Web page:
I was fortunate to encounter these two gentlemen along a particularly remote section of the road that closely resembled the surface of the moon. They were busy attempting to repair a huge dump truck when I rolled up, and using my Chipotle-level Spanish, I explained my problem, which translated out to, “Can you cook my broken carnitas chain taco?”
Fortunately, mechanics speak a universal language: this dumbass wants me to fix his problem.
Willi (the talker) and Sergio (the worker) were reminders to me that there are some wonderful human beings on this planet. They stopped their work to help me, in the pouring rain, in Sergio’s muddy driveway, in the middle of nowhere. Willi explained that Sergio lived there with his two children, the mere mention of whom made Sergio beam with pride.
I was relieved that it took them considerable energy to loosen and make the rear wheel adjustments. I’d have had no chance.
They refused any money for the work, until I demanded and they humbly requested 1000 pesos. I gave them 10,000 each and feigned nothing smaller. They acted like they’d won the lottery, when in fact, it was me who had won.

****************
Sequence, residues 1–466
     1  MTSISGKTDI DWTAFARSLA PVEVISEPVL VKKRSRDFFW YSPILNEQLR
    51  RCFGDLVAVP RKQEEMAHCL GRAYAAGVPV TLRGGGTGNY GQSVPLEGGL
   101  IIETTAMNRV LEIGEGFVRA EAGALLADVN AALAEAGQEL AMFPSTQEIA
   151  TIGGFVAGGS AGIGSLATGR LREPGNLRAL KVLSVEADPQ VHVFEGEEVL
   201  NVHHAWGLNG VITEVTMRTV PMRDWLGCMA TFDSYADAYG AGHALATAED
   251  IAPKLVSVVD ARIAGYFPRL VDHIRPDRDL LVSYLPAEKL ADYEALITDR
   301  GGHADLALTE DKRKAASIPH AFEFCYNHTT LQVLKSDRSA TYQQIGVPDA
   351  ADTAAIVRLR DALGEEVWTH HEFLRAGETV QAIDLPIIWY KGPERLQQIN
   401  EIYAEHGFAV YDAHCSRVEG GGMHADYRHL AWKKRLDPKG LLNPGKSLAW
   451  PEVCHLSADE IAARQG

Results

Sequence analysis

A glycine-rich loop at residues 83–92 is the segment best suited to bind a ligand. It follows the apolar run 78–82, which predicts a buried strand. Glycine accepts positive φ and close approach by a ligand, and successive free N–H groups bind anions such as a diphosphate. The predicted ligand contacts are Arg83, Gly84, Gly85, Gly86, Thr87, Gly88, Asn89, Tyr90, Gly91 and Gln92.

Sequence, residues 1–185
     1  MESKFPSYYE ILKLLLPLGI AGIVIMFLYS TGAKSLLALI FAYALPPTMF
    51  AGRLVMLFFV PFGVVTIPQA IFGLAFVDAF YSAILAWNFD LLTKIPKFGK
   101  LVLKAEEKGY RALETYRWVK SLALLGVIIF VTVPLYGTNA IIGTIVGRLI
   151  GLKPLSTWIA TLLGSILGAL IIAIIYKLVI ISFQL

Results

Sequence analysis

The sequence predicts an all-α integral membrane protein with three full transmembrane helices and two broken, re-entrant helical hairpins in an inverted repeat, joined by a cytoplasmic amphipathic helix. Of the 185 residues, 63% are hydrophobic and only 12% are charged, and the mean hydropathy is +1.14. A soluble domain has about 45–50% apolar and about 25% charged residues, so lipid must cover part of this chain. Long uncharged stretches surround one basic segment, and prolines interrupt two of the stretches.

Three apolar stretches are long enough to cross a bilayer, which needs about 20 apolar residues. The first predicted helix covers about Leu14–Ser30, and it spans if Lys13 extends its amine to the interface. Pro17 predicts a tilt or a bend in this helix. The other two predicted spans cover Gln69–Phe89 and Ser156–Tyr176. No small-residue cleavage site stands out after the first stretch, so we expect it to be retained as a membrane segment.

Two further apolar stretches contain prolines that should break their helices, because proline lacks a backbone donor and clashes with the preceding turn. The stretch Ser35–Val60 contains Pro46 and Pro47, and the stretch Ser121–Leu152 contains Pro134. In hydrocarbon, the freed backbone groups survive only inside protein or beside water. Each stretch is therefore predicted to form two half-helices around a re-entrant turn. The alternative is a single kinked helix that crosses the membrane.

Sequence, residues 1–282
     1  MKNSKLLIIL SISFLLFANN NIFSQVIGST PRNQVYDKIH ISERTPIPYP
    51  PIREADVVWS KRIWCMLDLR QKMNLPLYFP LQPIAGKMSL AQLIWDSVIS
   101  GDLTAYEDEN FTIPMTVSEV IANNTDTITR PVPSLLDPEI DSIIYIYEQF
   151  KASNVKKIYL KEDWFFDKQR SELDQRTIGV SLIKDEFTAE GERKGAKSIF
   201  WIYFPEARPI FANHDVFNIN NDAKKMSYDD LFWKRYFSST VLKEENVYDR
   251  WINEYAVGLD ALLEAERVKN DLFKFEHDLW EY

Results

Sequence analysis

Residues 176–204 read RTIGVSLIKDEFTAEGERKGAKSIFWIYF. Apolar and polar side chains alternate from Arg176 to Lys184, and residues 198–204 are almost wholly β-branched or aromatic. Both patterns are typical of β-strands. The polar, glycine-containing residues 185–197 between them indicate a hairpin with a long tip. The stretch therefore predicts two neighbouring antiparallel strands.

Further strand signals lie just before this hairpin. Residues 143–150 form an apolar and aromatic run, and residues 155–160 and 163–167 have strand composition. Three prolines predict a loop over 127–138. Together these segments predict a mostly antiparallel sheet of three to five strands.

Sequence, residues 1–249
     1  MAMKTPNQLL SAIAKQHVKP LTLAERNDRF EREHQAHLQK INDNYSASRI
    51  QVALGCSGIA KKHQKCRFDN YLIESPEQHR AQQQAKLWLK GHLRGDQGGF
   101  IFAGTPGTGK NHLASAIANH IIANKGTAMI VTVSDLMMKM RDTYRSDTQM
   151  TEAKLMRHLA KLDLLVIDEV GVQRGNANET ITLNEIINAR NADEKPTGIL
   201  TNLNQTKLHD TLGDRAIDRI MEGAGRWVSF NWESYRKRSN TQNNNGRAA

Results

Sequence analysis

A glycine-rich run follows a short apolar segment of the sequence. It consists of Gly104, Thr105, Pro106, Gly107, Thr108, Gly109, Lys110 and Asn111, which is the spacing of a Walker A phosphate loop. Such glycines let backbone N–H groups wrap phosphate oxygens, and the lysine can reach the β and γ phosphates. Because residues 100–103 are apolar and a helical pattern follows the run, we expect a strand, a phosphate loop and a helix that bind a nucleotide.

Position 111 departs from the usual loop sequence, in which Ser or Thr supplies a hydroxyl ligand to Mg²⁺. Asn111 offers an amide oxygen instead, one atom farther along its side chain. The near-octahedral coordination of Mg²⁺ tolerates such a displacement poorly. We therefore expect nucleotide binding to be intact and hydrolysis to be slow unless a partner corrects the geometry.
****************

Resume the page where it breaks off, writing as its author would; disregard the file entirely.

I fired up the motor and chugged away to their cheers and farewells.
If there's a recurring theme of alpine trips, it's that the mountains rarely give up their best scenery, or their most memorable moments, without making you work for it.
The payoff, though, is always worth the struggle. And it's not just the beautiful landscapes. Trek into the mountains during the winter with 25 feet of snow on the ground, and your reward shall be an unassailable silence, a stillness of a world that is, quite literally, frozen in time.